Yes, the Blazers looked tired but they can't just fall apart in their basic mechanics when they're fatigued. Tired is one thing, awful is another. The Blazers simply played awfully tonight in every department save rebounding and the occasional inside attack. Granted they knew they could turn it on against this opponent and still earn a chance to win but you can't leave game like this to chance. It doesn't look like it on the scoreboard, but save that Phoenix debacle this may have been Portland's worst game of the year collectively against an opponent they should have handled easily.
LaMarcus Aldridge again feasted on poor defense whenever he could, scoring 25 on 9-17 shooting. He was stuck defending perimeter players most of the night so he had little chance to re-create his monster rebounding game in Toronto. Still, 4 total rebounds with but 2 defensive might be a bit shy. But you also have to factor in that LaMarcus could have scored 40 tonight had any teammates hit an outside shot to loosen the defense against him.
Nicolas Batum had 9 rebounds and was the guy the Blazers depended upon to put out the flames when the Pistons were going crazy with drives. That's the good news. The bad is that he went 5-15 from the field in 42 minutes with a 1-7 rate from the three-point arc. They were decent looks too. 14 points.
Marcus Camby was a prime example of the step-slow phenomenon. He had a quiet game in all respects with 6 rebounds, 5 personal fouls, and 2 points in 26 minutes.
Raymond Felton had another good game offensively, scoring plenty without gumming up the flow. He went 6-9 from the field and all 3 misses were threes. He also went 7-8 from the foul line, leading to 20 points total. He had 9 assists as well.
Wesley Matthews had 6 rebounds but shot only 3-10 from the floor, 1-5 from the arc, and his defense wasn't as sharp as usual. 8 points in 36 minutes. Yes, the Blazers are going through Aldridge plenty and yes, other people use possessions and shots, but at some point we're going to have to start wishing that the Blazers had a stronger option at starting shooting guard. Wesley is a good player but he's looking more like a bench player at this point...perhaps more useful in targeted minutes to take advantage of his particular skills.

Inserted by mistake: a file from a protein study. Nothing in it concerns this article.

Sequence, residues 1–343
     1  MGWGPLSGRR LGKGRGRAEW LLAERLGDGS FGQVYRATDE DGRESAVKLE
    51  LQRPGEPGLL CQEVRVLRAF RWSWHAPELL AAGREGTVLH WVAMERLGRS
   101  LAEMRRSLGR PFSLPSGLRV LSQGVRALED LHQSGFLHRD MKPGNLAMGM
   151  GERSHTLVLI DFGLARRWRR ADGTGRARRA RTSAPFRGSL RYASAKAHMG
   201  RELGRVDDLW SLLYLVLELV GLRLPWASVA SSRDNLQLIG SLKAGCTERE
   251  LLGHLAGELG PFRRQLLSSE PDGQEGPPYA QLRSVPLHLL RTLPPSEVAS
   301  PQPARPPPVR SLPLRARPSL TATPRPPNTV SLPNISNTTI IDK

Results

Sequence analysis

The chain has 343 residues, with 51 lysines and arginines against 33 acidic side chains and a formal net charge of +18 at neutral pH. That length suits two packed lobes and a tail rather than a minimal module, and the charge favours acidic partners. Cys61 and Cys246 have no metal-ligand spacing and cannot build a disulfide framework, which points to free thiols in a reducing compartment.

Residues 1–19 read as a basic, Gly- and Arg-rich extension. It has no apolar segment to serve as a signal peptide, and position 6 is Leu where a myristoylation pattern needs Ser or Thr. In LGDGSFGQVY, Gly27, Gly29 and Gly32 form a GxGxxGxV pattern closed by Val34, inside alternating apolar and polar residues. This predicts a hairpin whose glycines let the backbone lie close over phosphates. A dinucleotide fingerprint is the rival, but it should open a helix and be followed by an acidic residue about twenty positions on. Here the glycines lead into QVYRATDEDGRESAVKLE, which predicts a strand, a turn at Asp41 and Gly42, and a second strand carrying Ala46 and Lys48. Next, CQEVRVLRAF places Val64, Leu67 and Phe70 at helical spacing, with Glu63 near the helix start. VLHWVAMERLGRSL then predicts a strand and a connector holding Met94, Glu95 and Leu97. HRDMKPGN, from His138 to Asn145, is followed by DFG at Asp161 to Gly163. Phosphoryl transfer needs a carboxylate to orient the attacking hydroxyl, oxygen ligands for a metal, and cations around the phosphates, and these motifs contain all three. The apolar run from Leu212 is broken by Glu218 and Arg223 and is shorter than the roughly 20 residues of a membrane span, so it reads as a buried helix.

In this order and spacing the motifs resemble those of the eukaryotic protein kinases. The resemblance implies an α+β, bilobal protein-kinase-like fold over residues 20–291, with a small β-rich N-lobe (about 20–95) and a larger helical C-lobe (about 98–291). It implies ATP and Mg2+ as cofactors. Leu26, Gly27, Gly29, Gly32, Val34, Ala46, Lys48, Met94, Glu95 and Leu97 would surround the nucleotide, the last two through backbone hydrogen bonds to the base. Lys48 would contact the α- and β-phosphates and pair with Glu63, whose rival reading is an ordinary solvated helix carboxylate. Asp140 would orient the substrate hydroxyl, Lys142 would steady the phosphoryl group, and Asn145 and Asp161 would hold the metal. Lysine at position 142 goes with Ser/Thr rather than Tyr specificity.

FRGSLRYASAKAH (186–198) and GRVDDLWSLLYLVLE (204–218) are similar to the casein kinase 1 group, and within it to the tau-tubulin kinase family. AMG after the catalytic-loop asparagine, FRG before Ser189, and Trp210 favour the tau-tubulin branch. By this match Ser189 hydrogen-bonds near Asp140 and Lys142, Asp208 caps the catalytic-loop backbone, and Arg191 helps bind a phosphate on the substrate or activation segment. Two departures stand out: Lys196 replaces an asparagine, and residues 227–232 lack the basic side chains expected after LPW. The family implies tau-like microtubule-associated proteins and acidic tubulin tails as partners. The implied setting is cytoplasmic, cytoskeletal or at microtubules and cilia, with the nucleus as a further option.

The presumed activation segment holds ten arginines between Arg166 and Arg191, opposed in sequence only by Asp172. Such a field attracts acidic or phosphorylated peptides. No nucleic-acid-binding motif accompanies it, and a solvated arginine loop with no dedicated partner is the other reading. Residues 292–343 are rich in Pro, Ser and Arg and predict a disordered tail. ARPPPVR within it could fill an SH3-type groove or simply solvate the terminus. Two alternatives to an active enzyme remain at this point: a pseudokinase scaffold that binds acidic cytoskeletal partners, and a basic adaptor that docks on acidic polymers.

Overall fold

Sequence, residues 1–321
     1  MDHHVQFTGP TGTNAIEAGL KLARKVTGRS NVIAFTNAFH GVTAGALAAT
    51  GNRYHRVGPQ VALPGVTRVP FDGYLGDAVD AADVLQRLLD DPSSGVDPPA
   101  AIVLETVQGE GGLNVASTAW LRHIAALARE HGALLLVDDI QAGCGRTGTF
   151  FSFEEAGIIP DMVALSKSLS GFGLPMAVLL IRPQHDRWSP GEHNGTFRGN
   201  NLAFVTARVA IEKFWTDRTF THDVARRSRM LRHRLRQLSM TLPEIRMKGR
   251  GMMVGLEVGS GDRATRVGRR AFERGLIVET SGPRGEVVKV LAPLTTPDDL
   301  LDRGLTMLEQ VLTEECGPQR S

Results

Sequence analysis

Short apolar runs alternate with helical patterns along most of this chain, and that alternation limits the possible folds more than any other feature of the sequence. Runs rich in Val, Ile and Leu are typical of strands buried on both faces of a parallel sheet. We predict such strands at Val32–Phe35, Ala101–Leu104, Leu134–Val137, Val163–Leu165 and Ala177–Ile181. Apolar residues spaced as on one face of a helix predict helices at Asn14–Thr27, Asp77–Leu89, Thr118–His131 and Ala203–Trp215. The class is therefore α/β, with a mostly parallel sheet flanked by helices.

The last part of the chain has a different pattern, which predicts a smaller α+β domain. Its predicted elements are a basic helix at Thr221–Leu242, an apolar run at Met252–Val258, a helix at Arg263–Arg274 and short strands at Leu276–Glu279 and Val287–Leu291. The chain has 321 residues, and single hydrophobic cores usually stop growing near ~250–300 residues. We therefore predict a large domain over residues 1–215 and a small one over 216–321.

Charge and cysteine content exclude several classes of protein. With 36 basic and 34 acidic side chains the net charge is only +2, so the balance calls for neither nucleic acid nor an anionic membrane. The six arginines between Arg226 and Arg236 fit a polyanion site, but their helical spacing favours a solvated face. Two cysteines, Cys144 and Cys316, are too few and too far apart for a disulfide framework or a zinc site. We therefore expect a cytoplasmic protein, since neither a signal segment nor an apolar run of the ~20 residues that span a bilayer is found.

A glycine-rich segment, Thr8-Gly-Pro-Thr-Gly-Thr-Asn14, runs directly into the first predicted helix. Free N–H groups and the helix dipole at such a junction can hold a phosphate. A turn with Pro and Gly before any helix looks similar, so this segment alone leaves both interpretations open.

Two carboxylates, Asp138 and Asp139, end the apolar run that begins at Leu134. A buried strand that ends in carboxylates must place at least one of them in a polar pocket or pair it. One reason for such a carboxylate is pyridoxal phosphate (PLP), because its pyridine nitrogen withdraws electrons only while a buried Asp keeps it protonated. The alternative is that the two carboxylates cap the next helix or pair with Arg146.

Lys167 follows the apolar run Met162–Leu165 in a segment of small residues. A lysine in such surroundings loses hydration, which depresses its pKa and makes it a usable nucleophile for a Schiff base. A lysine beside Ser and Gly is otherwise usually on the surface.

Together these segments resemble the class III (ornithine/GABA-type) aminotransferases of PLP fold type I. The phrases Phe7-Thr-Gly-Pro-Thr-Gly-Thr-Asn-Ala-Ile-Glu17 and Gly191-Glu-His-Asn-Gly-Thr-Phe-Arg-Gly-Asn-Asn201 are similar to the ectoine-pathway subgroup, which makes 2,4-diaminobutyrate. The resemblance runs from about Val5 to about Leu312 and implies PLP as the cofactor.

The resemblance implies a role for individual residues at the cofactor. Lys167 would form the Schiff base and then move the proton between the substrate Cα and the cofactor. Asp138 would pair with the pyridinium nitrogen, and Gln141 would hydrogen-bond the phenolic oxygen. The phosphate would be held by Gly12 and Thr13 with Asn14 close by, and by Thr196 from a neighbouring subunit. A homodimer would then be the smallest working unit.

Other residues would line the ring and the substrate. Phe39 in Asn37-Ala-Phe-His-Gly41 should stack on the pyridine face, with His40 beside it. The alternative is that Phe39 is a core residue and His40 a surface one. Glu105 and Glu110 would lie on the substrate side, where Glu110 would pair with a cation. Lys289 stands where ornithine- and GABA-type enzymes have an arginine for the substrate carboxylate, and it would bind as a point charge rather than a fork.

Jamal Crawford went 4-13 tonight. He's apparently lost one of the lenses out of his Three Goggles. Not only did he go 0-3 from the arc, none of them were close that I remember. Neither did he get in the lane tonight. It was all fancy dribbling and trying to avoid the travel/palm violation in order to earn a jumper from 18 feet or deeper.
Kurt Thomas did OK with 4 rebounds and 4 points in 16 minutes. He's the one steady guy off of the bench.
Craig Smith went inside repeatedly for 10 points and 5 rebounds in 18 minutes. The Pistons couldn't stop him. He's becoming quite the weapon against weak inside defending teams.
Nolan Smith, Chris Johnson, and (gulp!) Luke Babbitt combined for an undistinguished 10 minutes.
Fun With Numbers
- Detroit 12 fast break points, Portland 8. You are playing wrong when that happens.
- Blazers 3-20 from the arc. Detroit 7-15.
- Aldridge's 25 eclipsed by Stuckey's 28.
- Blazers gave Detroit plenty of foul shots...32. Once again the opponent made more (27) than the Blazers even shot (24). Yes, some of those were intentional fouls late but this isn't an isolated story. Portland either needs to get to the line or or foul less because a half-dozen point leak makes it hard to win.
- Blazers force only 11 turnovers against a team that usually commits 17.
The Blazers finally get to come home now but a back-to-back-to-back that starts in just two days isn't going to feel like much of a relief. Portland better find some energy somewhere.
Read about a rare and no-doubt appreciated win at Detroit Bad Boys